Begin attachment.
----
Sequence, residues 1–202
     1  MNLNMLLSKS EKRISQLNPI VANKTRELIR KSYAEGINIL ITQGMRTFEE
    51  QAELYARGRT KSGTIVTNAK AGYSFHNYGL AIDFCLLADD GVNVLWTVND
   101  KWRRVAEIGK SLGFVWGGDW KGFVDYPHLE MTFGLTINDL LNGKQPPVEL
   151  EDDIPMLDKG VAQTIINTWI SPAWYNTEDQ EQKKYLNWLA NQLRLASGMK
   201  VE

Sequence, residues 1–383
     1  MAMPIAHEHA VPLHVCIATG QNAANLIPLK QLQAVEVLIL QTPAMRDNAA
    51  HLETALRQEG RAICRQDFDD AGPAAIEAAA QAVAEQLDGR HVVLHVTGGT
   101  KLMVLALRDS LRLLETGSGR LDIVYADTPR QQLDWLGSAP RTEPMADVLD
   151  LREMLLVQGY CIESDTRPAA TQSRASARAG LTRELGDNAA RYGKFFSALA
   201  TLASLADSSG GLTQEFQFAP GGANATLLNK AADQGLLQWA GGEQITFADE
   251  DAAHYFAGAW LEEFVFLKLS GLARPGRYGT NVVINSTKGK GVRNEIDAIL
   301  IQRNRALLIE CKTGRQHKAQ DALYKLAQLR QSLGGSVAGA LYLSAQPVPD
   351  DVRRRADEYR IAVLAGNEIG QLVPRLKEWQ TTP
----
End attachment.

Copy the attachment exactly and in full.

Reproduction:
Sequence, residues 1–202
     1  MNLNMLLSKS EKRISQLNPI VANKTRELIR KSYAEGINIL ITQGMRTFEE
    51  QAELYARGRT KSGTIVTNAK AGYSFHNYGL AIDFCLLADD GVNVLWTVND
   101  KWRRVAEIGK SLGFVWGGDW KGFVDYPHLE MTFGLTINDL LNGKQPPVEL
   151  EDDIPMLDKG VAQTIINTWI SPAWYNTEDQ EQKKYLNWLA NQLRLASGMK
   201  VE

Sequence, residues 1–383
     1  MAMPIAHEHA VPLHVCIATG QNAANLIPLK QLQAVEVLIL QTPAMRDNAA
    51  HLETALRQEG RAICRQDFDD AGPAAIEAAA QAVAEQLDGR HVVLHVTGGT
   101  KLMVLALRDS LRLLETGSGR LDIVYADTPR QQLDWLGSAP RTEPMADVLD
   151  LREMLLVQGY CIESDTRPAA TQSRASARAG LTRELGDNAA RYGKFFSALA
   201  TLASLADSSG GLTQEFQFAP GGANATLLNK AADQGLLQWA GGEQITFADE
   251  DAAHYFAGAW LEEFVFLKLS GLARPGRYGT NVVINSTKGK GVRNEIDAIL
   301  IQRNRALLIE CKTGRQHKAQ DALYKLAQLR QSLGGSVAGA LYLSAQPVPD
   351  DVRRRADEYR IAVLAGNEIG QLVPRLKEWQ TTP